storing any animosity."
Unlike other tempestuous players--say, Dennis Rodman or Gary
Payton--Wallace doesn't talk much trash, and his technicals are
rarely occasioned by fighting, taunting or flagrant fouls.
Instead, his wrath is usually directed at the officials. Time
and again Dunleavy, a psychology major in college, has urged
Wallace to channel his fury into his next dunk or into his
rebounding. So far it's been to no avail. "Rasheed plays with
energy, and that's a positive, but he has to learn to harness
it," says Dunleavy. "I haven't seen a call changed yet in this
league. Besides, the refs are human beings, and human beings can
hold grudges and they can let things get personal." On the other
hand there's little financial incentive for Wallace to chill
out. The $500 fine he's assessed for each technical is more than
covered by his six-year, $80 million salary.
Still, like opposing NBA players, Wallace's teammates are finding
it increasingly tough to defend him. "His mental approach has to
be better," says Portland center Joe Kleine. "Just like some
players have a weakness using their left hand and make an effort
to improve that, it's obvious that he needs to work on this."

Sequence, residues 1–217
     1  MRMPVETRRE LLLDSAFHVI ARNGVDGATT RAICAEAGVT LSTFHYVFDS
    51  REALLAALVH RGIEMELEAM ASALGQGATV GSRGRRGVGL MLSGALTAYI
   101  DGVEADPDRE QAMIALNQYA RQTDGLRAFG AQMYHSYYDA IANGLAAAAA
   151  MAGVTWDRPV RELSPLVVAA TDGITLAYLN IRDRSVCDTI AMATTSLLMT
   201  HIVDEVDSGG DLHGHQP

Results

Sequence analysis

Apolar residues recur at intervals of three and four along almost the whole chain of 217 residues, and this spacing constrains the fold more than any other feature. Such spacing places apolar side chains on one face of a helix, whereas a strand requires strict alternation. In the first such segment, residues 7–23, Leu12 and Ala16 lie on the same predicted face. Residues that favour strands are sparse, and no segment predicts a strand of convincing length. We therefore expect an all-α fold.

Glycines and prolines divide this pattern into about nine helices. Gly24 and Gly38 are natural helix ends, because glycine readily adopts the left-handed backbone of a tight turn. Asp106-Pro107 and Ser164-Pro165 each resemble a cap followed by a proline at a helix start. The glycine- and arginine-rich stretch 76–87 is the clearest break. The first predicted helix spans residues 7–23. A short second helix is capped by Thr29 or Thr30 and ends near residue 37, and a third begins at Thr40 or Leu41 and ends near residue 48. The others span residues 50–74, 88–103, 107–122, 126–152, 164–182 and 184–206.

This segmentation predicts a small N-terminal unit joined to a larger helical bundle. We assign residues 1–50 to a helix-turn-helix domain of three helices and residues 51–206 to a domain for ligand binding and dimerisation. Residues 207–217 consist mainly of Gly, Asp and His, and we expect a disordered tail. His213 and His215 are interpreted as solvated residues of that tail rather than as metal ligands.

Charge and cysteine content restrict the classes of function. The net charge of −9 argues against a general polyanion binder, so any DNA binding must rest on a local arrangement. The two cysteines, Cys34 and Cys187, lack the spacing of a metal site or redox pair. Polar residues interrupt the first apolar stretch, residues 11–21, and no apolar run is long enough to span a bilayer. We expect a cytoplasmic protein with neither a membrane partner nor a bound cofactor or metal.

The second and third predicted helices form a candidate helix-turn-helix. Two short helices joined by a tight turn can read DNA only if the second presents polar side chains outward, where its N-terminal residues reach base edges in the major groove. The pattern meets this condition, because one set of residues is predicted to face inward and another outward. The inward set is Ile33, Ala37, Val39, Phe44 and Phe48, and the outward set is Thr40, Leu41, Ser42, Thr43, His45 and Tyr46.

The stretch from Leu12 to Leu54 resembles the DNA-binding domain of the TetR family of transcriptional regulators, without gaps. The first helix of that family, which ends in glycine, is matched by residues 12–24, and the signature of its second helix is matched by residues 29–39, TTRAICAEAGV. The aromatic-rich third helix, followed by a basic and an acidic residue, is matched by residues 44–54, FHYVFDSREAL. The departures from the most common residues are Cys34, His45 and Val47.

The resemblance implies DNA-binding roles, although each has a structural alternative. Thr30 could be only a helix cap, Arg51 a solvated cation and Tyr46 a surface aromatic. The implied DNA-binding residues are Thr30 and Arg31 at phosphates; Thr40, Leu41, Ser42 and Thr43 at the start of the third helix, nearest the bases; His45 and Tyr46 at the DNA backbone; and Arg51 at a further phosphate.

Adds Damon Stoudamire, "I love the guy, but he's going to have to
get a grip eventually."
Though Wallace vowed he wouldn't lose his equilibrium so easily
in the playoffs, it took him less than a quarter to blow his
stack. "I've never been thrown out of a playoff game, and I
never will be," he says. "I'm just going to go out and bust some
He'd better. Otherwise, with their enigmatic star out of the
game, Portland's grand postseason plans--like the residue from a
competitive fire that blazes too fiercely--will be reduced to
Though his statistics don't suffer much when he gets whistled
for a T--which he did a record 38 times this season--the Trail
Blazers' performance does. Here's how Wallace and Portland fared
during 1999-2000 when he kept and lost his cool. --David Sabino
TECHNICAL MINUTES POINTS REBOUNDS BLOCKS WIN-LOSS
FOULS PER GAME PER GAME PER GAME PER GAME RECORD, PCT.
None 36.2 16.7 7.1 1.4 39-11, .783
One 35.2 18.8 8.2 1.6 16-9, .640
Two 30.5 13.2 5.2 0.5 4-3, .571
"I tell him to calm down and just smile at the refs," his wife
says, "but he says, 'I feel like my head will pop off if I don't